|Publication number||US4194737 A|
|Application number||US 05/920,388|
|Publication date||Mar 25, 1980|
|Filing date||Jun 29, 1978|
|Priority date||Jun 29, 1978|
|Publication number||05920388, 920388, US 4194737 A, US 4194737A, US-A-4194737, US4194737 A, US4194737A|
|Inventors||William R. Farmer|
|Original Assignee||Farmer William R|
|Export Citation||BiBTeX, EndNote, RefMan|
|Patent Citations (11), Referenced by (47), Classifications (9)|
|External Links: USPTO, USPTO Assignment, Espacenet|
The field of the invention is mainly classified in Class 273 and, to a lesser extent, in Class 46.
The most pertinent references known to applicant comprising the following United States patents;
U.S. Pat. No. 3,102,362--Neal
U.S. Pat. No. 2,665,912--Juran
U.S. Pat. No. 2,524,546--Sinclaire
U.S. Pat. No. 2,731,266--Neilson
U.S. Pat. No. 3,303,821--Harris
U.S. Pat. No. 4,014,544--Kimura
U.S. Pat. No. 3,029,371--Saito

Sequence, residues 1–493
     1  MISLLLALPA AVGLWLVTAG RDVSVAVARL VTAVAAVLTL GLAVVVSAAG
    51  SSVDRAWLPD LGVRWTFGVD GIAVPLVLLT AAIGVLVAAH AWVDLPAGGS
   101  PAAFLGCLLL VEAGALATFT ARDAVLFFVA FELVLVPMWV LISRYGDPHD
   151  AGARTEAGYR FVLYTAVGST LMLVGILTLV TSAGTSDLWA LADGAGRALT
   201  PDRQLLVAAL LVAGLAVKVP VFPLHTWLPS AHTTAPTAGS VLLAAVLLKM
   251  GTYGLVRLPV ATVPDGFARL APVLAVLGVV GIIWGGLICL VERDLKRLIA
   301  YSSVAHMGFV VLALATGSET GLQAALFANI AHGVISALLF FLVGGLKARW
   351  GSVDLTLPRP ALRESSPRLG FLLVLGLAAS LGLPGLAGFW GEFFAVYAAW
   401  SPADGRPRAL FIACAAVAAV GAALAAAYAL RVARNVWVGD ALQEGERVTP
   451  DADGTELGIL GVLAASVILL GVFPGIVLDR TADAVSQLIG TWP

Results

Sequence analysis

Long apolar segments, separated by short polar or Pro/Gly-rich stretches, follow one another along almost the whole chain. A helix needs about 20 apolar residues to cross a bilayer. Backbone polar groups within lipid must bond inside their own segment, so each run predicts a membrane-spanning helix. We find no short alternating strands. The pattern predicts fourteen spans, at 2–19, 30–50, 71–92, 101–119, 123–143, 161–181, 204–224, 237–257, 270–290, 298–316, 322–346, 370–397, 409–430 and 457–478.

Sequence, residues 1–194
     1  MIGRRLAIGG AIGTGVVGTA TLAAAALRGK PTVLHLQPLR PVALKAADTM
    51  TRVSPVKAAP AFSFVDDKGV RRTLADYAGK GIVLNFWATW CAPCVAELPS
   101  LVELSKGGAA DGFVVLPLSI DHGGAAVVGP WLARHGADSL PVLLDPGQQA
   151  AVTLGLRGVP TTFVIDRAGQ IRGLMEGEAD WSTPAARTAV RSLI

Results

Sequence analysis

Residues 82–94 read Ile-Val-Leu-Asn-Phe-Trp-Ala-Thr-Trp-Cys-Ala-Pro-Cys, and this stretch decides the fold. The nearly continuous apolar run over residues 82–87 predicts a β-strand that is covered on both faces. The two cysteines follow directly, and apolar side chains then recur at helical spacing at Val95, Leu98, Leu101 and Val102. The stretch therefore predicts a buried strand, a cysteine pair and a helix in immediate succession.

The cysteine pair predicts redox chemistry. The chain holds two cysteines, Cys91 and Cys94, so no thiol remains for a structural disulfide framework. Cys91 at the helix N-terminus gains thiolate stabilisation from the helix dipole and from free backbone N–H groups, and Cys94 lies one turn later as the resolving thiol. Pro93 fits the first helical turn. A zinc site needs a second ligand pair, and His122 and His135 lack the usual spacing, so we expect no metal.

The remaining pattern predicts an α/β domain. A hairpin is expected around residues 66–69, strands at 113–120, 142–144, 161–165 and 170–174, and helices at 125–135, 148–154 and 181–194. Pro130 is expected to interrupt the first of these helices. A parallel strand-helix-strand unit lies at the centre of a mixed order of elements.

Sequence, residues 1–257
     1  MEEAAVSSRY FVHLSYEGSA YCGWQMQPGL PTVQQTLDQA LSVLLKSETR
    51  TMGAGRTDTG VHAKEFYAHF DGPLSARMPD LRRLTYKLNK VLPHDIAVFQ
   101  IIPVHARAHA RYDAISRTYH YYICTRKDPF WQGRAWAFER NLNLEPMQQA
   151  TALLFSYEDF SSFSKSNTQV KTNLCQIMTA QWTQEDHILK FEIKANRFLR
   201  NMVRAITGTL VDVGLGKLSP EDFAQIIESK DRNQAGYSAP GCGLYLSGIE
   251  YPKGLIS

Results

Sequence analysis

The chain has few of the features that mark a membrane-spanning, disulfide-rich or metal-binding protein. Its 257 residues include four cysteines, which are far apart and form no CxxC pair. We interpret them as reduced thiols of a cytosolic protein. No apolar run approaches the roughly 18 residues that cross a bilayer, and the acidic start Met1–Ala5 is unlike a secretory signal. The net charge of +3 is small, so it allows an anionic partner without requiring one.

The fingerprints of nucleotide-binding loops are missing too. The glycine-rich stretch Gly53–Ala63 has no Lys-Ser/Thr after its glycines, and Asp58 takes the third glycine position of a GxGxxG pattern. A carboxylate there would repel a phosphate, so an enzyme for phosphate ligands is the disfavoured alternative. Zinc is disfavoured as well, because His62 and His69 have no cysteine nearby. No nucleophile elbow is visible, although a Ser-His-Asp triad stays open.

The present invention, like the devices disclosed by the first four patents listed above, relate to a ball having an unusual or unpredictable rolling action. As taught by these references, it is not uncommon to fit a hollow ball with an internal magnet so that when the ball is rolled along the flat surface of a game board fitted with magnetizable pieces, the rolling action of the ball will be influenced by magnetic attraction. In the Juran patent, for example, it is suggested that the magnet be contained within an inner ball which is rollable inside an outer ball but a magnetic board is still required for the patented game. The suggestion has been made in the last three patents listed above that toys and the like be remotely controlled by radio in somewhat the same manner as the ball of the present invention is controlled. However, this invention differs principally from all the known prior art in that one embodiment contemplates a plaything comprising an inner and outer ball having magnetic elements on their contacting surfaces. These elements are magnetically attracted to one another in a haphazard manner as the outer ball is propelled across a playing field having a conventional grass or other non-magnetic surface and the resulting strange behaviour of the ball is due entirely to the action of the internal magnetic elements. In another embodiment of the same invention, some of the magnetic element are electromagnets which are included in a circuit capable of being controlled from a remote point by radio signals. Thus, the operator of the signalling device can control to some extent at least the time and place when the inner ball is magnetically held against rotation within the outer ball.